Of course, no Arizona employers want their workers to have accidents. Employers, just like employees, both want and expect the workplace to be a safe and productive environment. This need for safety is especially important in the field of electrical system work, though, as electrical-related and electrician accidents are the sixth leading cause of injury-related deaths in the workplace.

This serious risk of injury or even loss of life is due to a variety of factors. Because of performance pressure, time restraints and budgets, safety procedures are often overlooked. Various factors may result in workers cutting corners or growing complacent, despite the heavy risk this involves. Thankfully, there are a variety of specific practices to help electrical workers feel empowered through safety.

Fatal roofing accidents often leave behind grieving families

Workers' compensation is important for injured Arizona employees and their families to help with lost wages and medical expenses during the recovery period after a worker has been injured on the job. What about grieving families whose loved ones were killed in workplace accidents, though? Thankfully, for employees who work in relatively more dangerous careers and are at risk for factory, construction or roofing accidents, or the like, workers' compensation offers benefits for surviving family members as well.

Currently, in another state, the U.S. Department of Labor's Occupational Safety and Health Administration is investigating just such a fatal workplace accident. A worker accidentally fell from the roof of a building early on a recent Wednesday afternoon. When a coworker discovered the injured man lying on the ground, he initially attempted first aid before calling emergency services.

Current confusion of medical marijuana and workers' compensation

The changing laws regarding medical -- and in some states, recreational -- marijuana use may have Arizona workers and employers alike wondering how it could potentially affect workplace safety and workers' comp. Most of the time, workers' compensation laws allow for the denial of benefits when an employee's injury is attributable to alcohol or drug use. However, Arizona does have reasonable accommodation provisions and anti-discrimination laws that could impact an employer's ability to enforce such policies when it comes to medically prescribed marijuana.

Most employers have drug-free workplace policies, but these policies do not extend to medications described by physicians. In addition, while some states allow benefit reduction or denial if drug use can be proven, the question of what constitutes worker impairment from medical marijuana is still uncertain. Adding to the confusion is the fact that marijuana can remain in a user's system for a period of time, making it difficult to determine whether the worker was actually impaired at the time of injury.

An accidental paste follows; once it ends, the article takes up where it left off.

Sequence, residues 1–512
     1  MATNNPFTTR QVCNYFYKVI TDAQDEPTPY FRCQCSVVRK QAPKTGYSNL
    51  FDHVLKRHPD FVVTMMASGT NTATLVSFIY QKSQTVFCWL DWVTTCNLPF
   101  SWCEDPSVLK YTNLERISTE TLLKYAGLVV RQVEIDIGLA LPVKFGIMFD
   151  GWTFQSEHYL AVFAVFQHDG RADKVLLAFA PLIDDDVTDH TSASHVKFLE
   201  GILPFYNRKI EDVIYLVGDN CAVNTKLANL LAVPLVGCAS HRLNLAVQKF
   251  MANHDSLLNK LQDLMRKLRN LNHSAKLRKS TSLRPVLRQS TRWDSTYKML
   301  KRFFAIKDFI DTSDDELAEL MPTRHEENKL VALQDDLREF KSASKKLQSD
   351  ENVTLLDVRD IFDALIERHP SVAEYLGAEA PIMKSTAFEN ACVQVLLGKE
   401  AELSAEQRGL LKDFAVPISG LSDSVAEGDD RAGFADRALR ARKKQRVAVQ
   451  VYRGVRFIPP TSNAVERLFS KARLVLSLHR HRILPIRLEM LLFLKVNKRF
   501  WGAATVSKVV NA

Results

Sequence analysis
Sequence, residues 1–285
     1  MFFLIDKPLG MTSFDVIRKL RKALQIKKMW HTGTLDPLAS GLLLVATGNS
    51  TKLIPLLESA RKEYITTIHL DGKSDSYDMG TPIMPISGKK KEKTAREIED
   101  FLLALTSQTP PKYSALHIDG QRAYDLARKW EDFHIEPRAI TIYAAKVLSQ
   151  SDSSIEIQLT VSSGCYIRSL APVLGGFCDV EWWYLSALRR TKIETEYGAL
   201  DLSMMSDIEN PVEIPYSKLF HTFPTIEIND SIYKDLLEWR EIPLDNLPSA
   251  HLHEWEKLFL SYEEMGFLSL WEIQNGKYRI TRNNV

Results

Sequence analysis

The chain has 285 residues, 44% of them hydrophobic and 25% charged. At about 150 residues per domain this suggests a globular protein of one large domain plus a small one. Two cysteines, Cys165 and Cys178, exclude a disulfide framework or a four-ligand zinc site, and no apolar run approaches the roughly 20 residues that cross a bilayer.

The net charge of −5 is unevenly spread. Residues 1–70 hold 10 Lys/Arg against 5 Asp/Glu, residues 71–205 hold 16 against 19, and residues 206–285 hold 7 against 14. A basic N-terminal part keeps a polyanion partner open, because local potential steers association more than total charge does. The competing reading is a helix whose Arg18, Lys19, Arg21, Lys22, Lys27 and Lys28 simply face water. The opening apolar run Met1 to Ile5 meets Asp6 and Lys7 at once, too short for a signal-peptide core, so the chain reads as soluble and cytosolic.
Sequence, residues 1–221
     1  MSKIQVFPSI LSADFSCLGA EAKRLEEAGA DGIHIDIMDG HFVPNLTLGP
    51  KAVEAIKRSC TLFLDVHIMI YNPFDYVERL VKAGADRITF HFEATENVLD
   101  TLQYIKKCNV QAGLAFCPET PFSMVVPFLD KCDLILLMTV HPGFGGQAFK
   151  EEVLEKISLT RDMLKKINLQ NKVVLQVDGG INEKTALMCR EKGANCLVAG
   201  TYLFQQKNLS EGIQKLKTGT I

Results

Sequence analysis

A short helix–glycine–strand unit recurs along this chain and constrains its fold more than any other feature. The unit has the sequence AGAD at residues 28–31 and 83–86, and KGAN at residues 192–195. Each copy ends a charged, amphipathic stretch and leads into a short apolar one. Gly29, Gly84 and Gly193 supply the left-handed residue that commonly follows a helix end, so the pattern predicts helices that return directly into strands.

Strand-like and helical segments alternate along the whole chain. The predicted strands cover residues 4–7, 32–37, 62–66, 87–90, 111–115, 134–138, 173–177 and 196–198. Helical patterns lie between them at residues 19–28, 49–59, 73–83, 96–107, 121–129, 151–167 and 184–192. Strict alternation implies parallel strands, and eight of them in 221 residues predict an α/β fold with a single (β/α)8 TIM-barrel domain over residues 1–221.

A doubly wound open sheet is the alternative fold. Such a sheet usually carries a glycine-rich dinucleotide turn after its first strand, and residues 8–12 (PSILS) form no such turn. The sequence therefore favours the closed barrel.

Power plant industrial accident claims 2 lives, injures 4 others

Even the most safety-conscious companies will sometimes suffer accidents. While it did not happen in Arizona, an industrial accident at a coal-fired power plant in another state claimed the lives of two workers and injured four others late on a recent Tuesday night. A review of Occupational Safety and Health Administration reports on the plant's safety record apparently reveal a relatively clean history, listing only one safety violation citation in 2013.

According to a spokesperson for the company, this most recent accident occurred while the workers were performing maintenance in an enclosure approximately 25 feet underground. The men were down in a pit replacing an elbow joint when the pipe they were working on ruptured. The pipe -- which was supposed to be disabled -- began spewing sludge into the pit.

OSHA attempts to decrease work accidents by increasing citations

For Arizona employees who are involved in serious accidents on the job, workers' compensation is there to make sure the injured get the benefits they need to help pay for medical care and time missed at work. However, it's always better to avoid work accidents in the first place. To that end, the Occupational Safety and Health Administration recently increased its citation structure by a whopping 80 percent.

This increase gives employers even more motivation to make sure safety precautions and regulations are in place to help ensure the well-being of workers. OSHA also works to ensure that employees are able to easily report workplace illnesses and injury without fear of repercussion from employers. To this end, they have implemented three new anti-retaliation provisions.